Attempts by the British government to engage with the Muslim community since last year's bomb attacks in London have backfired and are not hampering the spread of extremism, a report said on Monday.
Instead of isolating extremist elements, government initiatives had tended to "drive a wedge" between the Muslim population and the wider community, the study by the left-of-centre think-tank Demos said.
The report -- part-funded by the Department for Communities and Local Government -- accused ministers of failing to engage with Muslims over "reasonable" grievances, including British foreign policy in Iraq and elsewhere.
It criticised attempts to involve Muslims in policy-making as "rushed, conducted on the government's terms, failing to break away from 'the usual suspects'" and with little follow through.
"Ministers were assuring Muslim leaders of the need for partnership, but in press briefings they were talking of the need for Muslims to 'get serious' about terrorism, spy on their children and put up with inconveniences in the greater good of national interest," it said.
The government's actions had bred "resentment and alienation" among Muslims, which played into the hands of extremists.
"Despite some commendable attempts at engagement, the government's actions continue to drive a wedge between the majority of British Muslims and the rest of society, rather than isolating the violent few," the report added.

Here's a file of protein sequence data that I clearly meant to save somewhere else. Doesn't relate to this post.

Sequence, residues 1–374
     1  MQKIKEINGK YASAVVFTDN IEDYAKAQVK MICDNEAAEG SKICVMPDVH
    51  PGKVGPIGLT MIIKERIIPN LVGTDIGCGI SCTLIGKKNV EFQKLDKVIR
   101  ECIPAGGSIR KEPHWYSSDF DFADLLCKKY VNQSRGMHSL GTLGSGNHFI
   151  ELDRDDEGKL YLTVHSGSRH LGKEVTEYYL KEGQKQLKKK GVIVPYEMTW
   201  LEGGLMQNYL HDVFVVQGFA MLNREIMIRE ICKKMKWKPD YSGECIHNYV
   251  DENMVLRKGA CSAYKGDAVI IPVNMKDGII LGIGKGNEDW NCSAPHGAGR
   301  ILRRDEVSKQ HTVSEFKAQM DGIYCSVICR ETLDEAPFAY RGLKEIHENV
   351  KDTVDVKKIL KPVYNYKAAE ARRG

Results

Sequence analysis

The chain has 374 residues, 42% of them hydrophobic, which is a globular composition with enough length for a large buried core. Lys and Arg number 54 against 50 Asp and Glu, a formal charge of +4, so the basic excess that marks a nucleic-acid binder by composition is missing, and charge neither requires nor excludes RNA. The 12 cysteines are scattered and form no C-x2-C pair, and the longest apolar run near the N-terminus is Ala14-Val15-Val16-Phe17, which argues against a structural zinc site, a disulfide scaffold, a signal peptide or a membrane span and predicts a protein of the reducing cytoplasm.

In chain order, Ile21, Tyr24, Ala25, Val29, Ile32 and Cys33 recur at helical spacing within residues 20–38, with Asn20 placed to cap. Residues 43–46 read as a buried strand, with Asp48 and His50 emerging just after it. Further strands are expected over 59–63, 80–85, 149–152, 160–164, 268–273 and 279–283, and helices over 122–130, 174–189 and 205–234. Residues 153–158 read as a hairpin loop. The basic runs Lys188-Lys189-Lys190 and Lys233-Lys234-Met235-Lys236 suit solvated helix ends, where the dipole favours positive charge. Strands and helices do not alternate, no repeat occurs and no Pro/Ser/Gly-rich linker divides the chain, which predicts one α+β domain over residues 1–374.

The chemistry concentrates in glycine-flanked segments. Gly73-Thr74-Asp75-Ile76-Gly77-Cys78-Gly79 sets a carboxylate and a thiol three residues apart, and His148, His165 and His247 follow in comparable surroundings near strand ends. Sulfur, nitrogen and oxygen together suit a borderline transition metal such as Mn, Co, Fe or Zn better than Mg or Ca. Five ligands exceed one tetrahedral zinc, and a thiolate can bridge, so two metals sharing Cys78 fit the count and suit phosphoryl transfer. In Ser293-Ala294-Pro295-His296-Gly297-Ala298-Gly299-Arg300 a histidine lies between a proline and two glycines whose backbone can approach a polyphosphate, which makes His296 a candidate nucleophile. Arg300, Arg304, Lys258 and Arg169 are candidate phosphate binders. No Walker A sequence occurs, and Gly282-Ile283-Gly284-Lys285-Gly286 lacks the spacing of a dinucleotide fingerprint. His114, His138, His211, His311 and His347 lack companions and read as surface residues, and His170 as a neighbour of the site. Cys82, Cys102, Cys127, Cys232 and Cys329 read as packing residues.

Demos also accused the government of having an overly simplistic characterisation of Muslim communities.
"By viewing Muslims as a single interest group, the government has failed to draw a clear enough distinction between angry Muslim opinion and those that would seek to inflict violence and terror.
"The result is that rather than being isolated, extremists are able to attract support from communities cut adrift from mainstream British society."
The July 7, 2005 attacks in London, which killed 56 people, including the four British Islamic extremist suicide bombers, prompted an urgent re-examination of Britain's much-cherished multi-cultural model and ethnic integration.
A number of reports since then have said British foreign policy in Iraq, Afghanistan and the Middle East was contributing to extremist views, although Prime Minister Tony Blair and ministers have strongly denied a direct link.
On that point, Demos said ministers had been "highly reluctant" to engage with Muslims, for fear that extremists had "just cause".
Community relations needed to be at the heart of security policy to tackle home-grown extremism, it added.
Local government minister Phil Woolas rejected the report as "flawed" and "out of date", accusing Demos of sensationalism.
"Good community relations is already at the heart of our approach to tackling extremism and we are building strong, positive partnerships to isolate and defeat those who are seeking to harm us," he said.